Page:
Microsoft Corp.’s latest profits fell short of Wall Street expectations on July 26 after the company revealed that “evolving macroeconomic conditions and other unforeseen items” had impacted its financial results.
In its earnings report for the three months ending June 30 (the fourth quarter of the company’s 2022 fiscal year), the company founded by Bill Gates reported net income rising 2 percent to $16.7 billion.
Analysts expected Microsoft to generate a profit of $17.3 billion, but instead the company posted its lowest earnings growth in two years.
Microsoft had fourth-quarter revenue of $51.9 billion, up 12 percent from the same period in 2021, but that still fell short of the $52.4 billion expected by analysts, CNBC reported.
The company’s operating income was $20.5 billion, an increase of 8 percent, while earnings per share were $2.23, lower than the $2.29 per share as expected by analysts.
The software company based in Redmond, Washington, said the financial results were due in part to “unfavorable foreign exchange rate movement,” which had negatively impacted its revenue, as well as ongoing production shutdowns in China that continued through May amid a surge in COVID-19 cases.
The company also cited a “deteriorating PC market” in June.
Scaled Back Operations in Russia
Other reasons cited for the weak quarter included Russia’s ongoing invasion of Ukraine, which prompted Microsoft, along with a string of other companies, to significantly scale down its operations in Russia.
“As a result, we recorded operating expenses of $126 million related to bad debt expense, asset impairments, and severance,” Microsoft said.
Microsoft also said it spent $113 million in severance for non-Russian employees in the previous quarter, citing a “strategic realignment of our business groups.”
Microsoft is among a number of tech companies that have instituted hiring freezes and budget cuts amid fears of an impending recession.
Advertising spent on LinkedIn and Microsoft Search also shrunk, the company said.
Microsoft’s revenue from Azure and other cloud services fell short of expectations, growing by only 40 percent compared to analysts’ expectations of 43.4 percent.
Overall, demand for Azure and other cloud services remains relatively strong, though not as much as during the COVID-19 pandemic. Microsoft had reported that Azure revenue was up 50 percent in the second quarter of fiscal 2021.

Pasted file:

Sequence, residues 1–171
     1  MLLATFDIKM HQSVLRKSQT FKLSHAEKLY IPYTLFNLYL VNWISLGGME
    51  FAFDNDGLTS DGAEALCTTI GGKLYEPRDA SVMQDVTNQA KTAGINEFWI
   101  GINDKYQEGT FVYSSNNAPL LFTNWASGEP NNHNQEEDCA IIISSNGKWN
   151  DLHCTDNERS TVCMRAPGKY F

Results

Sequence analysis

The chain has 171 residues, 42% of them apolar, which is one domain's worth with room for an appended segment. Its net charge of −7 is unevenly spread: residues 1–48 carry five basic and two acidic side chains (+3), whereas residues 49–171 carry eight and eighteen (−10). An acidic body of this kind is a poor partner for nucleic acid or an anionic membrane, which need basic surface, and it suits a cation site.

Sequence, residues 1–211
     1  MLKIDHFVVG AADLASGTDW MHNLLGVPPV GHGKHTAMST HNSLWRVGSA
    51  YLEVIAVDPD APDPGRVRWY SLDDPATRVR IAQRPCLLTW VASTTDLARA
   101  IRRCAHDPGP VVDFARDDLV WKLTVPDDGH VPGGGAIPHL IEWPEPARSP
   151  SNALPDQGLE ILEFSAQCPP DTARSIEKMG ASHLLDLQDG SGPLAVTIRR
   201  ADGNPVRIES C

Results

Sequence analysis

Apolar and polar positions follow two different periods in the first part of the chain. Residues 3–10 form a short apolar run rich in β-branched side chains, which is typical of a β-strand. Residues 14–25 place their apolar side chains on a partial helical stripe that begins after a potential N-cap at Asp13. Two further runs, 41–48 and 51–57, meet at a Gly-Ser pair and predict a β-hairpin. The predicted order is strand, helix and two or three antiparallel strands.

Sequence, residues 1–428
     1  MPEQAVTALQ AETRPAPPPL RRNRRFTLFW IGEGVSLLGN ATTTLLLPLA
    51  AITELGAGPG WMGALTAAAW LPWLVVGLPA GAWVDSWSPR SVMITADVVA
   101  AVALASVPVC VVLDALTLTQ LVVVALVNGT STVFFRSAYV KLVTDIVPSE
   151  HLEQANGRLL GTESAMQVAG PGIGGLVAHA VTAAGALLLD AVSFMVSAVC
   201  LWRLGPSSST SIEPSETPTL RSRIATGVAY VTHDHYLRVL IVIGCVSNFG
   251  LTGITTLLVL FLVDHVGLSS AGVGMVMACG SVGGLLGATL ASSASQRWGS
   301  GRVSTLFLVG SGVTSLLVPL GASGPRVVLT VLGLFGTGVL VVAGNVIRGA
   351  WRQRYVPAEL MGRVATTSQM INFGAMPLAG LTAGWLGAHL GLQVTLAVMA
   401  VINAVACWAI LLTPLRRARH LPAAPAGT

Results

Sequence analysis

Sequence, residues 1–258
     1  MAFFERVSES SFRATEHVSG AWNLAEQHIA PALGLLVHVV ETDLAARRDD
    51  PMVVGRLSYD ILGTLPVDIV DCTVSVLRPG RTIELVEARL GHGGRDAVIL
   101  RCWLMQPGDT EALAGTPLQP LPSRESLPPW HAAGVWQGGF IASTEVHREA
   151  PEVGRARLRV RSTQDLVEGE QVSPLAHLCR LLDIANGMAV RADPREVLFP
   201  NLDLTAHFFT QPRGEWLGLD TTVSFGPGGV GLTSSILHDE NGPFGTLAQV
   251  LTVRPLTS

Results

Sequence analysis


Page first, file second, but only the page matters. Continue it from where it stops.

Revenue from Intelligent Cloud services was $20.9 billion in the fourth quarter of 2022, an increase of 20 percent but still below expectations.
Microsoft reported a 6 percent drop in year-over-year sales growth for its Xbox gaming console content and services. These had boomed during the COVID-19 pandemic and subsequent lockdowns.
Investigation Into Merger
The United Kingdom’s Competition and Markets Authority (CMA) announced earlier in July that it was investigating Microsoft’s $75 billion acquisition of Activision Blizzard Inc.—a video game developer and publisher of interactive entertainment content—due to potential competition issues.
CMA said it was considering whether the takeover would lead to “substantial lessening of competition within any market or markets in the United Kingdom for goods or services.”
Microsoft returned $12.4 billion to shareholders in the form of share repurchases and dividends in the fourth quarter of the fiscal 2022, an increase of 19 percent compared to the fourth quarter of the fiscal 2021.
“As we begin a new fiscal year, we remain committed to balancing operational discipline with continued investments in key strategic areas to drive future growth,” said Amy Hood, executive vice president and chief financial officer of Microsoft, in the company’s news release.
Despite falling short of market expectations, Microsoft expects its revenue for the first quarter of fiscal 2023 to land between $49.25 billion and $50.25 billion.
Shares of Microsoft Corp. were down 2.68 percent in after-hours trading on July 26.